By LAURA LOREK
Reporter with Silicon Hills News
Looking back at 2015, Austin’s technology industry had a really good year. It was a year filled with big acquisitions, the largest of which was Dell’s offer to buy EMC Corp. In addition, lots of interesting developments like Google’s autonomous cars testing on the streets of Austin continued to showcase the city’s innovative backbone.
So without further ado, here’s our picks for the most talked about tech topics in Austin in 2015.
1. Google Driverless Cars – Hand’s down the number one story of 2015 for Austin. People are beginning to understand how transformative this technology is going to be on our society. And Austin is playing a major role in the development of the autonomous car industry. It is the only market outside of California where Google is testing its self-driving cars.2. Why do People Keep Moving to Austin? The city lands on the top of just about every list for hottest startup market and most robust technology industry. Add to that the new Dell Medical School and the healthcare and life sciences opportunities it is going to generate and it’s no wonder Austin is experiencing a population explosion.
3. Ridesharing – Does anyone remember HeyRide which first disrupted the transportation industry with ridesharing back in 2012? The City of Austin slapped them with a cease and desist order. Well the controversy continues with new regulations on Lyft and Uber that some think might lead to those services leaving the city. Let’s hope this all gets sorted out in the New Year.
4. On Demand Delivery Services – Amazon launched its two-hour delivery service for Prime customers in Austin and then rolled out its one hour restaurant delivery. Things are getting heated up in the Austin market with so many options for delivery that folks never have to leave their houses any more. The startups include Favor, Burpy, Postmates and Instacart for food. For booze, there’s Drizly, BrewDrop. And for courier services there’s Dropoff.
5. International Connections – Ireland opened up Ireland House, the first Irish consulate in Texas in Austin this year. Angelos Angelou’s International Accelerator is helping foreign startups set up operations in Austin. And Kahoot from Oslo became the first company to join Capital Factory’s international program. Kevin Koym with Tech Ranch also forged new international connections this year with Japan.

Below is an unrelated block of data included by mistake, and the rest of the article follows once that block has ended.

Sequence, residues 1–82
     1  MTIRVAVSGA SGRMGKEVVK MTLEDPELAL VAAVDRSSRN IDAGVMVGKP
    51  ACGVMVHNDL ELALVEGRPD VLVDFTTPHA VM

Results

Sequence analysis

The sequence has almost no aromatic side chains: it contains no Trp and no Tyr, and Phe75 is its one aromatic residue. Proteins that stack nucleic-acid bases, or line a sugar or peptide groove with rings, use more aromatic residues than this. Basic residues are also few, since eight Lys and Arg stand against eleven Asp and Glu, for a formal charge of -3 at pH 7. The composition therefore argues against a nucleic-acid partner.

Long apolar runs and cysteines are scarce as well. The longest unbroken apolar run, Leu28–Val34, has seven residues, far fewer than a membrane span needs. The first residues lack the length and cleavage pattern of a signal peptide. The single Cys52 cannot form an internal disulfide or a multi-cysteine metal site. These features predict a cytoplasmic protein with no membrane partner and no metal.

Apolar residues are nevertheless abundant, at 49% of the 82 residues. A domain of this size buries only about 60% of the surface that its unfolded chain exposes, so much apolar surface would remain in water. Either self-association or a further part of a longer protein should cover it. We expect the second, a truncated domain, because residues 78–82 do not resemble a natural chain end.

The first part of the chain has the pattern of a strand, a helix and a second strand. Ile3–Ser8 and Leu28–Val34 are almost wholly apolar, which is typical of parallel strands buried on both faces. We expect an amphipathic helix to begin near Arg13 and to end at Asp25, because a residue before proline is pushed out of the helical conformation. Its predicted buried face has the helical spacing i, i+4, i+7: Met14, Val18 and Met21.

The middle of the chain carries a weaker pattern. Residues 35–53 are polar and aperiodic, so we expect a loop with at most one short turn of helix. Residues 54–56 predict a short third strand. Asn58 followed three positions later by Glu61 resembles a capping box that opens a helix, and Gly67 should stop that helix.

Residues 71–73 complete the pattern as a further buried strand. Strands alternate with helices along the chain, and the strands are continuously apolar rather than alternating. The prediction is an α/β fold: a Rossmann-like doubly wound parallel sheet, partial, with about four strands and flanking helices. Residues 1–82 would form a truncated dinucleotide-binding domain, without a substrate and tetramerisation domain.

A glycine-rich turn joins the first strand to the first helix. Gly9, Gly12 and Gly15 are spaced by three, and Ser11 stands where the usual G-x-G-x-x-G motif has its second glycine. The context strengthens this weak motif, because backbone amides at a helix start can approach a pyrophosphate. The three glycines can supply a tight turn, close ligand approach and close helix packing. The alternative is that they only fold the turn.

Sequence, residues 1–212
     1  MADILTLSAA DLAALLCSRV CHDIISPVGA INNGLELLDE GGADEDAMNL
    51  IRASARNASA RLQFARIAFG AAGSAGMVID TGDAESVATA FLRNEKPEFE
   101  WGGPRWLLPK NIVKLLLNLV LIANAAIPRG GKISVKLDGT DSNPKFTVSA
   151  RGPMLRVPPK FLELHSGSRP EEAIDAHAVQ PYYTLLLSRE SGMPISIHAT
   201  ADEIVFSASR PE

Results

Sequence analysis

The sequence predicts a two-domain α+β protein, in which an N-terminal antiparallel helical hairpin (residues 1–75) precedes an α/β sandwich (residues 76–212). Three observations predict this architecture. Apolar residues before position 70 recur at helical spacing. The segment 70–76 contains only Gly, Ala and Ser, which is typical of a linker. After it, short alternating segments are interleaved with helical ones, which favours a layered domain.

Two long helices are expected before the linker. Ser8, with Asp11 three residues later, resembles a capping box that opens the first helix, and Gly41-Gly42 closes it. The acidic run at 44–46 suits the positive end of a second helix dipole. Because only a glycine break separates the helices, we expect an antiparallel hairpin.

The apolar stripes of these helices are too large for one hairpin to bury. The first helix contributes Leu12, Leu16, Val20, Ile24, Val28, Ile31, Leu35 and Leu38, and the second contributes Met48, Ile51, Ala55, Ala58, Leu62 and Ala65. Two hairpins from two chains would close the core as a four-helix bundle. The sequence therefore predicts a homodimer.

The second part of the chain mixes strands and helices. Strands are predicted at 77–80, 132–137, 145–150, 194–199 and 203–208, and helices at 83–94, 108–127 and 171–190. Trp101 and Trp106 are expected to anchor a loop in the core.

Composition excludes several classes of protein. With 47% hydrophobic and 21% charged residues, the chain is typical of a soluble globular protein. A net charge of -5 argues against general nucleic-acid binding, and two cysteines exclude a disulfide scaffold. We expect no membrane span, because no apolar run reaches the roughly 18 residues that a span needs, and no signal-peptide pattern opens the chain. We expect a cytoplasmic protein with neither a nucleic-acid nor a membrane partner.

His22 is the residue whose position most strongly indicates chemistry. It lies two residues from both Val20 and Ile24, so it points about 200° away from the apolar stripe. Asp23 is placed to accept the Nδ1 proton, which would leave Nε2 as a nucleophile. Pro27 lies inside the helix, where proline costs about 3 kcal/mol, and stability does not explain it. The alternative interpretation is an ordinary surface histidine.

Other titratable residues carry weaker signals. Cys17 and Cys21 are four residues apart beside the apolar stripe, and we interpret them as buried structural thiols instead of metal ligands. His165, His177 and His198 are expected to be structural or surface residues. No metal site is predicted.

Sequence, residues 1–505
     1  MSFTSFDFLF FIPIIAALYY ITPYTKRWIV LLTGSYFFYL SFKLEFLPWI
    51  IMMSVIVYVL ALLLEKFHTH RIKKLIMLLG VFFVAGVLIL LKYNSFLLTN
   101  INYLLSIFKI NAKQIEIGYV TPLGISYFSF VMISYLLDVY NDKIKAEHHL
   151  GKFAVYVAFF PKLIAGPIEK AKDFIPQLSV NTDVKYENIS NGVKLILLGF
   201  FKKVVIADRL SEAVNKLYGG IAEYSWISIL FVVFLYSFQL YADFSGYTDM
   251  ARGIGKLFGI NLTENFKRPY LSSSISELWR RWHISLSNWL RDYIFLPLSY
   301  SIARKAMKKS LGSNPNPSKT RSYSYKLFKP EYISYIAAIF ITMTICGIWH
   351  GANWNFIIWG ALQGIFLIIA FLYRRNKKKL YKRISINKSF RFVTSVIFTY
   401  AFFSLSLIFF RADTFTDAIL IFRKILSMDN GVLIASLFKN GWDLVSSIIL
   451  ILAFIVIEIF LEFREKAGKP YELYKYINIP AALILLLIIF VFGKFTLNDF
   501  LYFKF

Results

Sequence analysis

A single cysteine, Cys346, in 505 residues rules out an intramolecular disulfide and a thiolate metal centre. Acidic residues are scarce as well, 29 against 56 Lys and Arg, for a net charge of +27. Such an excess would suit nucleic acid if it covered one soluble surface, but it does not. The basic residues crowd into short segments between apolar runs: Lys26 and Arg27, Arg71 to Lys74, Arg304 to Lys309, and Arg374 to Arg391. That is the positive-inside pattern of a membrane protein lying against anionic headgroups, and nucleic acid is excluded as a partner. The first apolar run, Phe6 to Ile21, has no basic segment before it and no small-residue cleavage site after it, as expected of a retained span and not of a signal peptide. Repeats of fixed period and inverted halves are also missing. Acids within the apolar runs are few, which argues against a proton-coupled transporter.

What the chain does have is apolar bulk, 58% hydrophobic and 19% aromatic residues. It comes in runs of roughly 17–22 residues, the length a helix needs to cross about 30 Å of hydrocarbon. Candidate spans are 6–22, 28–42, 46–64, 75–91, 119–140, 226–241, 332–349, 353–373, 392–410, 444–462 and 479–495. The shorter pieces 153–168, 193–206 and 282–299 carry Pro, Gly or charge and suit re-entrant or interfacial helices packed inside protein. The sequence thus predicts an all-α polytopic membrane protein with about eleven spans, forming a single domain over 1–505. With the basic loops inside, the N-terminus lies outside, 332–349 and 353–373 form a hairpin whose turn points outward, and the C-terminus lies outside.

6. Coworking explosion – Austin now has dozens of coworking sites, up from just a handful a few years ago. WeWork launched in Austin in February, filled up and expanded. Techspace announced plans for a new coworking space to open in March next year. And Galvanize is opening in Austin. And Urban Co-Lab set up shop on the city’s East Side.
7. Acquisitions – The biggest news, of course, was Dell’s announcement to acquire EMC for $67 billion in what is deemed as the largest tech merger ever. Meanwhile, Expedia announced plans to buy HomeAway for $3.9 billion and private equity firms acquired SolarWinds for $4.5 billion. Other notable acquisitions included Heaven Hill Brands of Kentucky buying Deep Eddy Vodka, Accenture acquiring Chaotic Moon, Oracle buying Stack Engine and Ultra/Standard buying Texture Media.8. Crowdfunding – The SEC adopted new equity-based crowdfunding rules. Texas had already approved crowdfunding last year. And the first Texas crowdfunding portal received approval from the state’s securities board. This is expected to free up a lot more capital for investment into mom and pop businesses. 9. The Tech Bubble and Unicorns – At SXSW, Silicon Valley Venture Capitalist Bill Gurley told the crowd to enjoy the upside while it last. Discussions about Unicorns and the tech bubble continued throughout the year. Bob Metcalfe, professor of innovation at UT Austin, participated in a discussion about the deflation in valuations of so-called technology unicorns or private companies with valuations in excess of $1 billion. 10. Data – Data and analytics continue to transform entire industries like healthcare. Austin startups like Capsenta and PotentiaMetrics are using data to improve healthcare. And it’s not just in the healthcare field, People Pattern is helping brands better understand and cater to their customers through data analysis.